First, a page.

Chris Harman 1942-2009

This is a recording of Chris Harman, the influential British Marxist and SWP activist who died suddenly this weekend in Egypt, speaking at Marxism 2009  in the summer.  Chris will be greatly missed by the left for his activism and inspiration.   You can read a tribute to Chris written by Alex Callinicos by clicking here.

Hey big spender!

Will Hutton is interviewed about the economic crisis in this week’s Big Issue magazine. Despite Hutton’s position in the mainstream media as a bit of a maverick, he normally makes quite conservative predictions about economic and social matters, trumpeting the rise of China or promoting economic / managerial approaches to social and cultural change. As director of the Work Foundation, he is certainly not a radical voice and for that reason we should look at his predctions as representative of a current within mainstream political circles, albeit one that he is able to voice publicly due to his ‘outsider’ status in the media.

 

Hutton points out that an economic recovery will require a rise in spending, by consumers or businesses. The consumer, claims Hutton, is concentrating on rebuilding savings, while businesses are becoming debt-minimizers in order to future-proof themselves against difficult economic times. Whether the British are re-building savings or merely starting to save after years of credit-fuelled spending is a moot point, but the likely outcome of this is stagnation in the economy, as happened in Japan in the 1990s after their economy crashed following a sustained boom. Stagnation of course, is even more problematic than a recession for a capitalist economy. A recession and a collapse in asset values at least offers the opportunity for growth and the restoration of the rate of profit; a prolonged stagnation denies capitalists the ability to grow their capital and limits the potential for competition, destroying the engine of the economy.

 

The stagnation that Hutton predicts however, doesn’t look like stagnation at the level of the individual worker or their communities. In order to maintain profit levels, it is likely that the current rate of job losses could continue at 60,000 per month for another three years before stabilisation is achieved. This could (should) lead to a period of social change as the economy and social provision is restructured to reflect this new socio-economic reality. Whether this period of change can be politicised to promote positive political developments remains to be seen, but already the possibilities of workforce mobilisation and collective responses to the crisis are facing up to the use of the recession to intimidate and manipulate workers. Politicians are keen to avoid taking the blame for the current crisis, as each country seeks to line up other markets or ‘the world financial system’ as the villains of the piece. This tactic creates a moving, camouflaged target for the public at large to aim at, and one that is obscured further by techno-managerial jargon and PR.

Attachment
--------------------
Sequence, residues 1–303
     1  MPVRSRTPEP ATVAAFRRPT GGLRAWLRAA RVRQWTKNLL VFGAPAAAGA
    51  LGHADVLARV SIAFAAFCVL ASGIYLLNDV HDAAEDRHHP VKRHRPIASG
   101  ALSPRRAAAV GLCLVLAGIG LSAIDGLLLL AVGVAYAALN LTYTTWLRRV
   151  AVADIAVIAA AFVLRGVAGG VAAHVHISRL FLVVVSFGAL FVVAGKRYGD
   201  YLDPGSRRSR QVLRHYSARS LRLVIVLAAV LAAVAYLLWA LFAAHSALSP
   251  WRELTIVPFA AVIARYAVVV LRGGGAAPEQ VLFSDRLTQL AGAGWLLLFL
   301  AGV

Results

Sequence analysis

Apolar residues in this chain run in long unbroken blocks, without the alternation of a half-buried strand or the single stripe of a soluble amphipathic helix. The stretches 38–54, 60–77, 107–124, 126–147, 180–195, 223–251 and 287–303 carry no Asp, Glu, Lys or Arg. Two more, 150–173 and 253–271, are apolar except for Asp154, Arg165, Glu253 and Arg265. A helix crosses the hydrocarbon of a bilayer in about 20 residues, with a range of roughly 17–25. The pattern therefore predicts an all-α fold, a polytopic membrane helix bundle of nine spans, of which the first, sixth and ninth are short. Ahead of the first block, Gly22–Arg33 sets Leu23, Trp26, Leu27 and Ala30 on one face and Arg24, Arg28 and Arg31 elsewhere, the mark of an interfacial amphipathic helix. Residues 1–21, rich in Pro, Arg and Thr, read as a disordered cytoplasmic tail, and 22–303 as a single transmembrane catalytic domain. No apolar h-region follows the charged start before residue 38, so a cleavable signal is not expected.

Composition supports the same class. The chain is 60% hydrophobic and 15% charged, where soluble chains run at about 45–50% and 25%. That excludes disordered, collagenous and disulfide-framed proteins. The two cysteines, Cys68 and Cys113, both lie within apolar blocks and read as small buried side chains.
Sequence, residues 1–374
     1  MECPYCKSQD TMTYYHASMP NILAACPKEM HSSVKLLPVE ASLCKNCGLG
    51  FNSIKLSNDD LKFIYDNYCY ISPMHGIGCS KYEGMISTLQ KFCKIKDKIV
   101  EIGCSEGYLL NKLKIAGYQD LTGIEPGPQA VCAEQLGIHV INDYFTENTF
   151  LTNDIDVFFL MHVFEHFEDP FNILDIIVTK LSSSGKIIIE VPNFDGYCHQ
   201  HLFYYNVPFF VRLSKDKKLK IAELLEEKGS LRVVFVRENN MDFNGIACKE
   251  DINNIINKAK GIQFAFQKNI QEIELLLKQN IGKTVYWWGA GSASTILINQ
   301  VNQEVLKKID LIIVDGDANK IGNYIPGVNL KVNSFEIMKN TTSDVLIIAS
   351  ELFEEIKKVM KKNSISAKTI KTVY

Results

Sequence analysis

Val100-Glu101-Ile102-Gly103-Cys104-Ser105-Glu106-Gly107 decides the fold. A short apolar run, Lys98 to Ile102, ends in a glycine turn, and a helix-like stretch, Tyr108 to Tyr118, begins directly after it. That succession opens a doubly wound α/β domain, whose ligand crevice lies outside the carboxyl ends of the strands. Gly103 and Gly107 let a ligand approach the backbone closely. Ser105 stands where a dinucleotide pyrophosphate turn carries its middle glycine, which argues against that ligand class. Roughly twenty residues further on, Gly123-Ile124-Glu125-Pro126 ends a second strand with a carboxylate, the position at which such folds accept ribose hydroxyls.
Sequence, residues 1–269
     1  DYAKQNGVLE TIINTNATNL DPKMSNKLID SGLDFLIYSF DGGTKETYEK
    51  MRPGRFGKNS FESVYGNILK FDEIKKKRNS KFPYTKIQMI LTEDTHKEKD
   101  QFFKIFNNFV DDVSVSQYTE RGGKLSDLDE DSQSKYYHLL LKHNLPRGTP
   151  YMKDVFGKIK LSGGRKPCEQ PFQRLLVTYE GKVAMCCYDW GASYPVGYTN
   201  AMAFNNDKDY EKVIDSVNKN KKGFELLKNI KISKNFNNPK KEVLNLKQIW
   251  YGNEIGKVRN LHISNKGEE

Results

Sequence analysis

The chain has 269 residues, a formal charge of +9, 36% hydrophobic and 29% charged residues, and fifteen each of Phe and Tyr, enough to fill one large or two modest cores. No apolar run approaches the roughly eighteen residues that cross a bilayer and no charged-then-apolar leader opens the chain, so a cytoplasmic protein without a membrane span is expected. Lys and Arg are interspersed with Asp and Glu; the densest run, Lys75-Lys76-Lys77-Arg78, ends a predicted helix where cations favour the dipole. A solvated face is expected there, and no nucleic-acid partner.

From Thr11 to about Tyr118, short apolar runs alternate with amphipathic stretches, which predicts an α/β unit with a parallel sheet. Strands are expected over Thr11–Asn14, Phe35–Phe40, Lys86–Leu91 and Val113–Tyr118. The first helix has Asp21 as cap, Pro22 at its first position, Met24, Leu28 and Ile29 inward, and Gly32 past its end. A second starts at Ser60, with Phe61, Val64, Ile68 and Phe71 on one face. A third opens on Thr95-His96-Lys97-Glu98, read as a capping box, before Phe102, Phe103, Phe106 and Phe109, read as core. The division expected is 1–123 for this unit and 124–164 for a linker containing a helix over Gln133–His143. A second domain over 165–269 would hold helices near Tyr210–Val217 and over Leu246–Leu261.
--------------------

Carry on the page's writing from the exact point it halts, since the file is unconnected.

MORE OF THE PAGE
Will Hutton’s prescription for the crisis is a super-Keynesian level of fiscal stimulus, mainly based around a massive programme of public works similar to that which helped to lift the US economy out of the great depression in the 1930s. This might include large engineering projects and the development of a green economy. Of course, after the 1930s the US was left with a vastly expanded productive capacity which could only be usefully employed on a war footing over the following 60 years. The government funded expansion of production can only fix the system in the short-term, eventually the levels of state production work against competition and so have to be reduced and the debts incurred have to be repaid.

As David Harvey has pointed out, the current crisis offers an opportunity, as do all crises, for the reconfiguration of society within a different ideological framework. A more equitable society is not the necessary outcome of this process. Previous crises have seen the deepening and strengthening of the current system of power and attempts to provide a stimulus to return the economy to ‘normal’ are attempts to do just this.  The human costs of this will be enormous, and should shame journalists and politicians out of their current fetishisation of the fiscal stimulus as they hide behind superlative descriptions of it’s size and importance.